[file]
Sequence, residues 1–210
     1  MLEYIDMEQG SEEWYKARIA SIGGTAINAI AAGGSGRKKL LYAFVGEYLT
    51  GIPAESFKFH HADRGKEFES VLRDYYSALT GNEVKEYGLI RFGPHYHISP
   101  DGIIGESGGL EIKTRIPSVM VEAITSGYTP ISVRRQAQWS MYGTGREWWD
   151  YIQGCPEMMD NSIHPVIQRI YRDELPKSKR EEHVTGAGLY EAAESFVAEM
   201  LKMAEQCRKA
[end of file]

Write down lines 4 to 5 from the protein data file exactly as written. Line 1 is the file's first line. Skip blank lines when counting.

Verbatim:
   101  DGIIGESGGL EIKTRIPSVM VEAITSGYTP ISVRRQAQWS MYGTGREWWD
   151  YIQGCPEMMD NSIHPVIQRI YRDELPKSKR EEHVTGAGLY EAAESFVAEM